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What is an electric bike?

“Electric bike” is the common term for a two-wheeled vehicle equipped with a hybrid drive system that assists with propulsion: it works like a traditional bike with pedals that are powered by traction operated by the rider’s legs; they also have a battery system and an electric motor that offers assisted traction to reduce the physical effort required of the rider and make it easier to travel in steep areas or over long distances.

Electric bikes should not be confused with mopeds. With an electric bike or pedelec, the motorized assistance is activated while the driver is pedaling. The necessary pedaling and the limited engine power are the main differences from mopeds, which are motorized vehicles that also have pedals and can operate independently with motorized traction or by means of the pedals.

How much power do electric bikes have?

In general, electric bikes have an assistance limit that reaches up to 25 kilometers per hour. There are electric bikes with higher speed capabilities, known as s-pedelecs, but they usually require permits similar to those of a moped.

The power of an electric bike is measured in watts (W). Most electric bikes intended for city use have 250W of power, though there are models that reach 1.5 kW.

Most pedelecs currently use lithium-ion batteries (Li-ion). The battery capacity may vary depending on the model, but they are usually in the range of 400 and 500-watt-hours (Wh), which lets you travel distances of 30 to 100 kilometers on a single charge, depending on the level of assistance used and the terrain. The batteries are usually installed in the bike frame or in the luggage rack. Some bike models are designed so that the battery cannot be removed; others, though, conveniently allow it to be removed to take it to an electrical outlet for charging.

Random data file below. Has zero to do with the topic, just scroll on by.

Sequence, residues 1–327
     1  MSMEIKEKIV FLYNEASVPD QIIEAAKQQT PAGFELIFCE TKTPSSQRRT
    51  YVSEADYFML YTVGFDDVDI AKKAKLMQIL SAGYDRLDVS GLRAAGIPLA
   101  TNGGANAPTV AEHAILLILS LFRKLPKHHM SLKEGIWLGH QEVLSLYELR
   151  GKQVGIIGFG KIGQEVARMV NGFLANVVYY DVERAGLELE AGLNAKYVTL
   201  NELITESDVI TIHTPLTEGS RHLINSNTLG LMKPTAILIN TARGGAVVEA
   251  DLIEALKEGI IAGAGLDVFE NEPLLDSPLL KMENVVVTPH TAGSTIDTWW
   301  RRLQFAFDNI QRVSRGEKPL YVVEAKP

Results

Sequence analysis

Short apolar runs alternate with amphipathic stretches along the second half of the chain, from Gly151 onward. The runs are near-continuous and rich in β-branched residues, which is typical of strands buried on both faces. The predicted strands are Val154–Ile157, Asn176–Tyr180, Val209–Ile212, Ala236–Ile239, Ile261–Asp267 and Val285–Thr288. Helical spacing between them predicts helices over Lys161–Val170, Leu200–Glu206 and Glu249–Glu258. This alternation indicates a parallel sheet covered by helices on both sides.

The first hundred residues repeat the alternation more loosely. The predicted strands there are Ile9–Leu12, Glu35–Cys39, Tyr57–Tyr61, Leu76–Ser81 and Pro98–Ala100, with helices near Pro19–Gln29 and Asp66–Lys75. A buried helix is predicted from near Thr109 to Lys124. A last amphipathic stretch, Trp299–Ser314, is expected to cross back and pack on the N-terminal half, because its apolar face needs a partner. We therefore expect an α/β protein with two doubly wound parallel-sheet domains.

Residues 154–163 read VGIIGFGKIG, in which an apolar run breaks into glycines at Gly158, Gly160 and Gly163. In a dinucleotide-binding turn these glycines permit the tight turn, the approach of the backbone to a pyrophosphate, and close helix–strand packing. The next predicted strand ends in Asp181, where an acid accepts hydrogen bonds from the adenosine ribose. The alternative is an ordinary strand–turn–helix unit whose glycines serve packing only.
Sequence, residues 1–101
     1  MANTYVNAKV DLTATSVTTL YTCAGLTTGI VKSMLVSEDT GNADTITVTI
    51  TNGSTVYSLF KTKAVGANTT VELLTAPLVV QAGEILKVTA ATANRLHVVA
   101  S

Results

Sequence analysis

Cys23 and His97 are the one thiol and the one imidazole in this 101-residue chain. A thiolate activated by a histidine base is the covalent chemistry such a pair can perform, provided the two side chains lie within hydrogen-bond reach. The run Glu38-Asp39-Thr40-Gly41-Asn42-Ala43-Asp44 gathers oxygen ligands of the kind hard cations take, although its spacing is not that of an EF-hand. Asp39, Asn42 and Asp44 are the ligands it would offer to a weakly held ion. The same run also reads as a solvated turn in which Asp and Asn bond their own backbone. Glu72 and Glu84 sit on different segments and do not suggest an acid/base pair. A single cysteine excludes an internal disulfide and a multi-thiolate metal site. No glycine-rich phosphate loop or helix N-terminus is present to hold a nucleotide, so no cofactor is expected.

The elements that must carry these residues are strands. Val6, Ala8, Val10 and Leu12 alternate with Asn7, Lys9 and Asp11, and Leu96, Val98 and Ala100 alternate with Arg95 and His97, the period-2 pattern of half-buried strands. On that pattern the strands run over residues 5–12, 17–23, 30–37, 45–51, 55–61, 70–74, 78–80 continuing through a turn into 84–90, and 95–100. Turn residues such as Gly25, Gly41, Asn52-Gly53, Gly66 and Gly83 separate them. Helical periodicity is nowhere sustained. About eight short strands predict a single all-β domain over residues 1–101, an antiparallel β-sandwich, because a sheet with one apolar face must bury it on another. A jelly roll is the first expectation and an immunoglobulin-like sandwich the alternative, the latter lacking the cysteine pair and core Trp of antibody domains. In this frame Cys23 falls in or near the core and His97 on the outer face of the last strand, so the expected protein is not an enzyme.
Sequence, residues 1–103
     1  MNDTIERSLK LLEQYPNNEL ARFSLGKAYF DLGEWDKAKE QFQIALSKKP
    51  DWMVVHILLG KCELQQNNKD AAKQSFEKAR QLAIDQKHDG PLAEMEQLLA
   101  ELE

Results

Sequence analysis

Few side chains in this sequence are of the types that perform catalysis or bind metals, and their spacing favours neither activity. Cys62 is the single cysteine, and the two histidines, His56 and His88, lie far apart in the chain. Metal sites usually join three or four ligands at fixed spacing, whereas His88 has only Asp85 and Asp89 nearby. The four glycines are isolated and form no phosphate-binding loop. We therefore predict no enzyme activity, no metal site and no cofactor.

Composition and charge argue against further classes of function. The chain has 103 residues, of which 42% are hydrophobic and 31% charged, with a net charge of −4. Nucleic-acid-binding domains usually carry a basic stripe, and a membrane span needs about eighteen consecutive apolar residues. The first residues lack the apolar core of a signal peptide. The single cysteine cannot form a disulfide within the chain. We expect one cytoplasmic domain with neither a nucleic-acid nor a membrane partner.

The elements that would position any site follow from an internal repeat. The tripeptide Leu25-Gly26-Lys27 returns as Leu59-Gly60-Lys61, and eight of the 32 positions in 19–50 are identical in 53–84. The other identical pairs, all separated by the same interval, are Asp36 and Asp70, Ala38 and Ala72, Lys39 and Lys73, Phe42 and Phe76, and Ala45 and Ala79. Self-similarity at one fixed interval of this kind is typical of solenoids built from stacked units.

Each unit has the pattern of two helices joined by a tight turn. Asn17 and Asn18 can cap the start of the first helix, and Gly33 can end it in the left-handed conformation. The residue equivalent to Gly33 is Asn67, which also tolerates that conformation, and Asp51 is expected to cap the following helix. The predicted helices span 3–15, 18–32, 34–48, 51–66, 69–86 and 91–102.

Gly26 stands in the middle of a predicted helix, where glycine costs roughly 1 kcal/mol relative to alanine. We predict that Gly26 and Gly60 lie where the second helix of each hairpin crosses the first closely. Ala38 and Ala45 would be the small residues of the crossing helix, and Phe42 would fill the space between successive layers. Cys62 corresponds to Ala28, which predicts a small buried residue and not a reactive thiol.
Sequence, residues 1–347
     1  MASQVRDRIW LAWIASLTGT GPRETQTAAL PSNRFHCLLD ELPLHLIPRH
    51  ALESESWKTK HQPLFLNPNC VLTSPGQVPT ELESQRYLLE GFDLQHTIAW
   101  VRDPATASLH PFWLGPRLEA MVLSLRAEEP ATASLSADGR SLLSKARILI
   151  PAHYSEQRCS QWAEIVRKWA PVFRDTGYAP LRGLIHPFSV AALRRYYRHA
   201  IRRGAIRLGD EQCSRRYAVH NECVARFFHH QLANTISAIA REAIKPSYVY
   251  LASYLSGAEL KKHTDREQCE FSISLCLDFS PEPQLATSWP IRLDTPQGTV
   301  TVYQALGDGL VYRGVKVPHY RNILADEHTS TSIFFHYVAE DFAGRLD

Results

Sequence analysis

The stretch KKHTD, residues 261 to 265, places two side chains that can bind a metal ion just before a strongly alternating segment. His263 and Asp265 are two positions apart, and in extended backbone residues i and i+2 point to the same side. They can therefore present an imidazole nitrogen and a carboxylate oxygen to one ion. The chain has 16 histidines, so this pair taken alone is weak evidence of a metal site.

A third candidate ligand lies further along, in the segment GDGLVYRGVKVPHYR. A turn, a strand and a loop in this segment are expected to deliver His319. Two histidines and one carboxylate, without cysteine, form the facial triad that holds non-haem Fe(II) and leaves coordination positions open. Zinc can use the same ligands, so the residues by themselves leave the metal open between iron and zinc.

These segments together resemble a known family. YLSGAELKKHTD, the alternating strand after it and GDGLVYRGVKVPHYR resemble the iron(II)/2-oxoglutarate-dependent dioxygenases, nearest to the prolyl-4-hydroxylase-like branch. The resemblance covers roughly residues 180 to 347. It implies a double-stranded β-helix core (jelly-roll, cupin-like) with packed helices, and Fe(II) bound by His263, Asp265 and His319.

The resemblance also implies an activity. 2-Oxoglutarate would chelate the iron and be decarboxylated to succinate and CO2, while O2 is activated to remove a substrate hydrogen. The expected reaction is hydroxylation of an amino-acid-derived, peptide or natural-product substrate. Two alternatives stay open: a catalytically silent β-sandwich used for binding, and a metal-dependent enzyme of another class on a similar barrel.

What ecological impact do electric bikes have?

Electric bikes have seen a huge expansion in recent years. This is due to the advances in electric mobility and the shift towards the cleaner technologies demanded by the market.

If you make a general comparison between a pedelec and a traditional bicycle, you may mistakenly think that the electric bike has a greater carbon footprint because it has more complicated technology, which involves the use of more components, including electrical parts, electronic circuits, and the battery. However, it is important to consider its impact not only at the time of manufacture but also with regard to its recipients and the benefits that this technology will offer throughout its useful life.

In terms of ecology and sustainability, an electric bike does not compete against the traditional bicycle but against other much more polluting means of transportation. This is because it can offer a more sustainable alternative to meet the urban mobility needs of a wider set of potential users than the traditional bicycle. The electric bike is not only attractive and viable for regular cyclists but also for users of other forms of locomotion, such as motorcycles and cars, and even public transit like the subway, buses, and more.

It is estimated that the carbon footprint of an electric bike is 15 grams of CO2 per kilometer traveled. This figure not only accounts for the battery’s electricity consumption plus the emissions to produce the food a human would consume for the necessary energy to make the journey; it also includes the proportion of CO2 emissions that were made at the time the electric bike was manufactured. Moreover, the carbon footprint of the useful life of a car is more than 13 times higher for every kilometer traveled.

Electric bikes, both personal and public, are increasingly present within development projects for smart cities and sustainable mobility plans.

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